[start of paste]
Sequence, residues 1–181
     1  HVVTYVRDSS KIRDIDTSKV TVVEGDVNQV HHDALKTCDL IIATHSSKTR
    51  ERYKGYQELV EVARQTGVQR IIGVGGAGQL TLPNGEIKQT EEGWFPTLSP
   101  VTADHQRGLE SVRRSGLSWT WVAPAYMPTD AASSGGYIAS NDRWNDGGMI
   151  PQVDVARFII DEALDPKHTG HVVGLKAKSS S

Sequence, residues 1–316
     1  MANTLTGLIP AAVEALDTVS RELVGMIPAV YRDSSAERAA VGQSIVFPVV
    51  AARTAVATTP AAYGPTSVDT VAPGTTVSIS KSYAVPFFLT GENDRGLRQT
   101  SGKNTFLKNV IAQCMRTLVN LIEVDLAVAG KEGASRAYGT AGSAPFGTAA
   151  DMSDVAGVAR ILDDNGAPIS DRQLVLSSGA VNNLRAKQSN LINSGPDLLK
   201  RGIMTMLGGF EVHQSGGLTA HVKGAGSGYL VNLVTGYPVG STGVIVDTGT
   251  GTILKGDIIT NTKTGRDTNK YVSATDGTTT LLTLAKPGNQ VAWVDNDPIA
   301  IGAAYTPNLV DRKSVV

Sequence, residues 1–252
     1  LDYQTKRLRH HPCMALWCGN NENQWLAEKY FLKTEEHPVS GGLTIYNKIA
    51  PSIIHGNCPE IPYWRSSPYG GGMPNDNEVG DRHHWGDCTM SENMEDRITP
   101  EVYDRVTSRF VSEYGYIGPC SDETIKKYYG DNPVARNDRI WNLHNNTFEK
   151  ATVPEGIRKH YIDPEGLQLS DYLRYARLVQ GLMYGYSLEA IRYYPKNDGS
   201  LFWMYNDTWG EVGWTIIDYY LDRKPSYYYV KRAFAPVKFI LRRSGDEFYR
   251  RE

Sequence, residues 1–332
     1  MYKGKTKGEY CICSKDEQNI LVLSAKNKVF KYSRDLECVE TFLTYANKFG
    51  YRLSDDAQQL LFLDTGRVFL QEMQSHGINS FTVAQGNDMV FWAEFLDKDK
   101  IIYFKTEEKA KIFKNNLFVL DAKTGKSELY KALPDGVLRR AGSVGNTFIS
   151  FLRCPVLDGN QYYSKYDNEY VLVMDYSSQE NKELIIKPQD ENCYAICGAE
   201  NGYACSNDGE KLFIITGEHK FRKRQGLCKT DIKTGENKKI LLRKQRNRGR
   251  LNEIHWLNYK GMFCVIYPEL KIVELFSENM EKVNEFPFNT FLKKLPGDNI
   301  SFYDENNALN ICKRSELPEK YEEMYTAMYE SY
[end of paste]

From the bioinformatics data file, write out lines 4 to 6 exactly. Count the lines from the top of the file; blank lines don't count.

   101  VTADHQRGLE SVRRSGLSWT WVAPAYMPTD AASSGGYIAS NDRWNDGGMI
   151  PQVDVARFII DEALDPKHTG HVVGLKAKSS S

Sequence, residues 1–316